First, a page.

That's right! Shit just got real.

Here's the deal: I am married to possibly the handsomest man I know. Bryan is gorgeous like what would happen if Johnny Depp and Keanu Reeves from 1995 had a baby. He is also 5'6 and weighs 130 lbs in a soaking wet track suit.

So, yeah. My man is petite, which I don't generally notice except when it makes me feel like a Clydesdale. I am 5'8 before I put socks on in the morning, and my ancestors were Scottish peasants who evidently had Stegosaurus bones. When he was my age, my dad looked like Zeus. He threw lightning bolts at us when we were bad. I'm lucky I made it out of that gene pool as femininely petite as I did.

ANYway, Bryan is short. He very rarely talks about his height, and seems genuinely unconcerned with it. However, when you are a smallish man, it is tough to find clothes that fit, and that is why he wears cutoff jean shorts. Every. Single. Day. And they all basically look like this:

So, when we got married, I was all "You are NOT getting married in cutoffs." And Bryan was all "But whyyyyyyyyyy?" And then I put the hammer down and made him go look for a suit with his sister Abby.

Now, to be fair, I had no idea how difficult this would be. I know Bryan hates to shop for
anything, including groceries. But I thought he would have more fun with Abby than he would with me, plus I was like "How hard could it be to find a suit? There are like 800 stores in Atlanta--at least one of them has a stylish and flattering suit for my husband to get married in." Well, it turns out I'm wrong sometimes.

I sent them on their way at around 10 AM on a Sunday morning and got a call from Abby around 4 telling me to come over to the Jos. A Banks near Phipp's Plaza because Bryan was about to buy something. So, I went over there. I walked in the door. I looked around and couldn't find Bryan. It turned out it was because he had been swallowed by pile of charcoal herringbone wool.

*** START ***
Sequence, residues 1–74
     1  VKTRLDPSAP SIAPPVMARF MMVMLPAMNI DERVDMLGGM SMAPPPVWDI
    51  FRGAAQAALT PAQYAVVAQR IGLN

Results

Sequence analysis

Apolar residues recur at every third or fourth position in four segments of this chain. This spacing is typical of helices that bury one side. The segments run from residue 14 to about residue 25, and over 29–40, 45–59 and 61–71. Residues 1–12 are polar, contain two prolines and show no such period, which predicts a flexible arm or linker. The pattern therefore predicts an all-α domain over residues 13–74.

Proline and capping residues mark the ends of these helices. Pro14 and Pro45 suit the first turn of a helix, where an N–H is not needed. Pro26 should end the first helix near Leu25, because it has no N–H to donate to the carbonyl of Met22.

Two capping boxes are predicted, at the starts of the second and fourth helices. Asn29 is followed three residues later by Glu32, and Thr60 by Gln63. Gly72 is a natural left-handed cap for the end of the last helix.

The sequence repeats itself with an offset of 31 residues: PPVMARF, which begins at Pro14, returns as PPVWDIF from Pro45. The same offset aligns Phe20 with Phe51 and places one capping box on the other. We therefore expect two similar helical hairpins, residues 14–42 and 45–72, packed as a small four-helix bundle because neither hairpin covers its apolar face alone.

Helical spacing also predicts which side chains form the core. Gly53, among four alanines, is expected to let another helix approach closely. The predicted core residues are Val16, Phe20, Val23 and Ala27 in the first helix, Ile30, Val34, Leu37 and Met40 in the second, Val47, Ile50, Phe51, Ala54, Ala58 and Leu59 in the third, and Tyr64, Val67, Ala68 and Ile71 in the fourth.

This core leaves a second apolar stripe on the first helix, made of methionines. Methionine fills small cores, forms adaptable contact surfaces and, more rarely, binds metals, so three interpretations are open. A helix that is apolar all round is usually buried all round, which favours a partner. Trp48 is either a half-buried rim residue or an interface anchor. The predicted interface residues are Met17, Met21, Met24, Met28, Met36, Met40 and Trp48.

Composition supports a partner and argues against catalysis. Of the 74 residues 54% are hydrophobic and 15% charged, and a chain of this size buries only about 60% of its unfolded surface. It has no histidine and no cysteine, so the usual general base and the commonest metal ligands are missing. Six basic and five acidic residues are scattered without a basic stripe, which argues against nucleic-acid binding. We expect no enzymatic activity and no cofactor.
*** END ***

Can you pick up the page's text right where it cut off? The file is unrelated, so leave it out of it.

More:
I will not emasculate my husband with a description of what he looked like in this suit, but I'll just say it was too big for him. Abby was understandably frazzled and Bryan looked like he might have the capability to shoot weapons-grade lasers from his pupils. They had not had a good time. Bryan literally had his credit card out and was handing it to the man at the counter when I stayed his hand. This was a delicate moment in my relationship with Bryan's family because they were all there, were all encouraging him by telling him how dashing he looked. Plus Abby had spent the whole day engaged in a futile search with her grumpy brother. And I was like "Ya'll, he looks like a 9-year-old Bible salesman. We can find something better."

Abby and Bryan refused to ride in the same car with me on the way home. Bryan forgave me that day, but I think it took Abby a couple of weeks.

So, I did a bit of light Googling that evening and found out that while there are over 100,000 Big and Tall men's clothing stores in America, only a handful of stores in the country are dedicated to dressing short men. I found the number for one of them in Beverly Hills, and called it.